Helen of Troy | Myth & Significance | bestwebdirectory.info
During an absence of Menelaus, however, Helen fled to Troy with Paris, son of the Trojan king Priam; when Paris was slain, she married his brother Deiphobus, . Paris falls in love with Helen and abducts her. Sparta's King Menelaus is already Helen's husband, and talks the Greeks into going to war with. Helen and Paris in the Iliad did not 'fall' in love,but merely Helen was a prize given to Paris by Aphrodite, who was chosen by Paris in a beauty.
She therefore changed shape into various animals as she attempted to flee Zeus, finally becoming a goose. Zeus also transformed himself into a goose and raped Nemesis, who produced an egg from which Helen was born. People believed that this was "the famous egg that legend says Leda brought forth".
Pausanias traveled to Sparta to visit the sanctuary, dedicated to Hilaeira and Phoebein order to see the relic for himself. Side A from an Attic red-figure bell-krater, c. Two AtheniansTheseus and Pirithousthought that since they were both sons of gods, both of them should have divine wives; they thus pledged to help each other abduct two daughters of Zeus. Theseus chose Helen, and Pirithous vowed to marry Persephonethe wife of Hades.
Theseus took Helen and left her with his mother Aethra or his associate Aphidnus at Aphidnae or Athens. Theseus and Pirithous then traveled to the underworldthe domain of Hades, to kidnap Persephone. Hades pretended to offer them hospitality and set a feast, but, as soon as the pair sat down, snakes coiled around their feet and held them there. Helen's abduction caused an invasion of Athens by Castor and Pollux, who captured Aethra in revenge, and returned their sister to Sparta.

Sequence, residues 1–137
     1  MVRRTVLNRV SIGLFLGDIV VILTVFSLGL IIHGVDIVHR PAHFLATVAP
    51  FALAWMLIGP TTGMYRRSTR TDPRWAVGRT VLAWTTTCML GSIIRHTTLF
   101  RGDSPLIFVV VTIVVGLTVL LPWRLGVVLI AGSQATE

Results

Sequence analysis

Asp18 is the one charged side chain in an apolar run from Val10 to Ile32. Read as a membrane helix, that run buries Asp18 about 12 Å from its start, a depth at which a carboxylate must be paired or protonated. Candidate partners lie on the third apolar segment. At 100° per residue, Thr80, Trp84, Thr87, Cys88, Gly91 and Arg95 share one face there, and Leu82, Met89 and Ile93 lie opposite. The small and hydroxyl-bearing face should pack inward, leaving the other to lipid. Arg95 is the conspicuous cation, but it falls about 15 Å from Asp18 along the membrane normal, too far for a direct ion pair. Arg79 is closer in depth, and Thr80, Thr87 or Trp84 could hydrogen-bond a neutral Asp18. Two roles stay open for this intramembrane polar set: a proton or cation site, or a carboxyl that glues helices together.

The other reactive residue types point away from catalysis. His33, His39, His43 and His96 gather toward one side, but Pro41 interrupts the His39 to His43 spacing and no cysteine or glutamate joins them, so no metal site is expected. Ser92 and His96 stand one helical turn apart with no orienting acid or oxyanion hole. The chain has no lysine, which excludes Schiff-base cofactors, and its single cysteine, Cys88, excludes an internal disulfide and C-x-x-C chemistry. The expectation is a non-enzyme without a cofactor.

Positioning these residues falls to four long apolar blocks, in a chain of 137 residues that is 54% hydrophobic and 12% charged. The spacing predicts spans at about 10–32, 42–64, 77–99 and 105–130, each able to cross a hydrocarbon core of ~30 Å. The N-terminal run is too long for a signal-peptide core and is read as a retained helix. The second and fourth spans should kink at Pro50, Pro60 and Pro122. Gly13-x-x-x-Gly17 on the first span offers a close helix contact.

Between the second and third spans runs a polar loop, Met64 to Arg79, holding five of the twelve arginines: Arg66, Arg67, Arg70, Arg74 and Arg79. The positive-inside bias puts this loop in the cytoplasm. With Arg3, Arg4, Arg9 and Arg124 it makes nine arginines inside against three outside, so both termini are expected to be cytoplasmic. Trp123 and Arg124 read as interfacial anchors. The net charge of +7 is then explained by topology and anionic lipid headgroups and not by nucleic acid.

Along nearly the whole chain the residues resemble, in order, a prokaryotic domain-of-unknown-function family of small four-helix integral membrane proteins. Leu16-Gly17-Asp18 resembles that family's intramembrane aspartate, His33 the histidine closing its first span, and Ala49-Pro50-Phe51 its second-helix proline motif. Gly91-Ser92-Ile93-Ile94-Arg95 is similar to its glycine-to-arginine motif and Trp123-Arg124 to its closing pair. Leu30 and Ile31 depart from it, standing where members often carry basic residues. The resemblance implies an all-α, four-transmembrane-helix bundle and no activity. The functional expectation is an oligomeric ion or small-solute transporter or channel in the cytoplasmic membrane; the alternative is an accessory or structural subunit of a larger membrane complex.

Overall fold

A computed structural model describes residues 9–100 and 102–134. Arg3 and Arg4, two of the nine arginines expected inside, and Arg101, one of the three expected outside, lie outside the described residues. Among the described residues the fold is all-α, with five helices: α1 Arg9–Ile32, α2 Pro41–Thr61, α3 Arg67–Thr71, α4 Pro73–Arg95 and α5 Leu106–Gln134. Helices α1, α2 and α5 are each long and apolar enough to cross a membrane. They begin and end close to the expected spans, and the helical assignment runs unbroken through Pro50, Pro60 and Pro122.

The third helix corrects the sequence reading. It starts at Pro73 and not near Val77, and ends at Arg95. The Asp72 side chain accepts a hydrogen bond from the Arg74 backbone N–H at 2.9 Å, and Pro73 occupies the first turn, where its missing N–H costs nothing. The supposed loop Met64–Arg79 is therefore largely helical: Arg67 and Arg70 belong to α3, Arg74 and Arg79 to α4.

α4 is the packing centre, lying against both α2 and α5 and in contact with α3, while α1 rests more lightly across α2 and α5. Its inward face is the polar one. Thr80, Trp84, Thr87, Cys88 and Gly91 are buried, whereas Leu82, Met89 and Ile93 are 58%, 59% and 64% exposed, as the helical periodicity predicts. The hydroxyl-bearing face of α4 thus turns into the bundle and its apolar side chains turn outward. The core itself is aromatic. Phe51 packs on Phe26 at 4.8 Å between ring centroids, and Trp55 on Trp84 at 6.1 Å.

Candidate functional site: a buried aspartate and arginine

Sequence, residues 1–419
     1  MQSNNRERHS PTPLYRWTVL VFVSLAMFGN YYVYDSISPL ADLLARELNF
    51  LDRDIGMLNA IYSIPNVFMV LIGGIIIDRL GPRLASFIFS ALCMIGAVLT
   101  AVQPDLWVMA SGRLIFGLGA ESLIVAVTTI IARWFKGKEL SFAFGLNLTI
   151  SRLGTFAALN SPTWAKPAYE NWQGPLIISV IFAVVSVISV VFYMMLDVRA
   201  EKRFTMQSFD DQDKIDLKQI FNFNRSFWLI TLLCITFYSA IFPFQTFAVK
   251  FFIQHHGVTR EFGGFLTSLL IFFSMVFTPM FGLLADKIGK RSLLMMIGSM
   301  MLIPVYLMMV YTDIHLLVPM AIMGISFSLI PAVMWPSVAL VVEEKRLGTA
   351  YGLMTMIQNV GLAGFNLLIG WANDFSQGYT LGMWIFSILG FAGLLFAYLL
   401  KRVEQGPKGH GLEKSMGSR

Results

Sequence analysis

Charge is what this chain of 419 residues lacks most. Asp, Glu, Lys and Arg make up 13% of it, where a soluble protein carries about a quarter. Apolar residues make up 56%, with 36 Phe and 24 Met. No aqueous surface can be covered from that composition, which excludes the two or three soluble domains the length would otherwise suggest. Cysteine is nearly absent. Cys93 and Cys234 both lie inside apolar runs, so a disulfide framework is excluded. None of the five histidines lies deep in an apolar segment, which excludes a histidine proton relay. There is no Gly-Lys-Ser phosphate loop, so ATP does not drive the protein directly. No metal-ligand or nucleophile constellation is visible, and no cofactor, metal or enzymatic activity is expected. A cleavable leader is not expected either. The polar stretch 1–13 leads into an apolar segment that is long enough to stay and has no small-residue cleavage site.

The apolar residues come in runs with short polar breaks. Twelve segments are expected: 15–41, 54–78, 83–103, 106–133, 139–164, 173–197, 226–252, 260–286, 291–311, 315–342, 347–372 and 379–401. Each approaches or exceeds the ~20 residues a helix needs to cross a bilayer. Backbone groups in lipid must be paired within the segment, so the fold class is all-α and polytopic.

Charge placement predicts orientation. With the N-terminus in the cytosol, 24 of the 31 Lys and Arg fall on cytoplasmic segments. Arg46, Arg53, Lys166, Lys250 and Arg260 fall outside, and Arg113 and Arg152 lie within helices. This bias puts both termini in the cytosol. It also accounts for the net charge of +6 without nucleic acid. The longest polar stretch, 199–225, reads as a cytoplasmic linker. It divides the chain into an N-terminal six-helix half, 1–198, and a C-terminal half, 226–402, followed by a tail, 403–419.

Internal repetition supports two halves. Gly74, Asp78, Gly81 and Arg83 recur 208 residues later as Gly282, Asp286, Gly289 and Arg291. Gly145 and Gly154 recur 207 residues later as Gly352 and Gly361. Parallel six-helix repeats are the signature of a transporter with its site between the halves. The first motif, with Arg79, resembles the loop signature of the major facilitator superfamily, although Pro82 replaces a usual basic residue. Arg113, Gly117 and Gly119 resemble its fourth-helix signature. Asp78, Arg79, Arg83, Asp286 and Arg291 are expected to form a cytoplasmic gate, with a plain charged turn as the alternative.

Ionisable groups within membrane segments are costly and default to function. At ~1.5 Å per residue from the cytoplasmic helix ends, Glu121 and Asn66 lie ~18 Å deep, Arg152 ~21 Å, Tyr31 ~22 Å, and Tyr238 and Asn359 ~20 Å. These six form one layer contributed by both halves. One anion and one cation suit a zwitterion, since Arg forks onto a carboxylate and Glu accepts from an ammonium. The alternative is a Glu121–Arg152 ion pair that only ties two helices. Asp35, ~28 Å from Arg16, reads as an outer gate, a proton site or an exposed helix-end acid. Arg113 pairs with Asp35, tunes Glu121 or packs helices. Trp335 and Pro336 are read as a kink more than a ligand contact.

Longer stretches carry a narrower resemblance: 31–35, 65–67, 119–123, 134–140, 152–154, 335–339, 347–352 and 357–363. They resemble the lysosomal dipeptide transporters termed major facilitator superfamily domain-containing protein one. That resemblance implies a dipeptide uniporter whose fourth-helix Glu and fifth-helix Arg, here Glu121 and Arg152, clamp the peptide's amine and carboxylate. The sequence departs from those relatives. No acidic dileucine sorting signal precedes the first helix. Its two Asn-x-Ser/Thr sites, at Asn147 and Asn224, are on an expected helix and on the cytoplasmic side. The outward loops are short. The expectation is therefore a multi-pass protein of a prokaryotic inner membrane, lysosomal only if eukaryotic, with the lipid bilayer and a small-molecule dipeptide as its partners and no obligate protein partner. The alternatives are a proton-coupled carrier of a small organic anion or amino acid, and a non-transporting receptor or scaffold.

Sextus Propertius imagines Helen as a girl who practices arms and hunts with her brothers: When it was time for Helen to marry, many kings and princes from around the world came to seek her hand, bringing rich gifts with them or sent emissaries to do so on their behalf.
During the contest, Castor and Pollux had a prominent role in dealing with the suitors, although the final decision was in the hands of Tyndareus.
Oath of Tyndareus[ edit ] Tyndareus was afraid to select a husband for his daughter, or send any of the suitors away, for fear of offending them and giving grounds for a quarrel. Odysseus was one of the suitors, but had brought no gifts because he believed he had little chance to win the contest. He thus promised to solve the problem, if Tyndareus in turn would support him in his courting of Penelopethe daughter of Icarius. Tyndareus readily agreed, and Odysseus proposed that, before the decision was made, all the suitors should swear a most solemn oath to defend the chosen husband against whoever should quarrel with him.
After the suitors had sworn not to retaliate, Menelaus was chosen to be Helen's husband. As a sign of the importance of the pact, Tyndareus sacrificed a horse. Menelaus and Helen rule in Sparta for at least ten years; they have a daughter, Hermioneand according to some myths three sons: AethiolasMaraphiusand Pleisthenes. The marriage of Helen and Menelaus marks the beginning of the end of the age of heroes.
Concluding the catalog of Helen's suitors, Hesiod reports Zeus' plan to obliterate the race of men and the heroes in particular. The Trojan War, caused by Helen's elopement with Paris, is going to be his means to this end.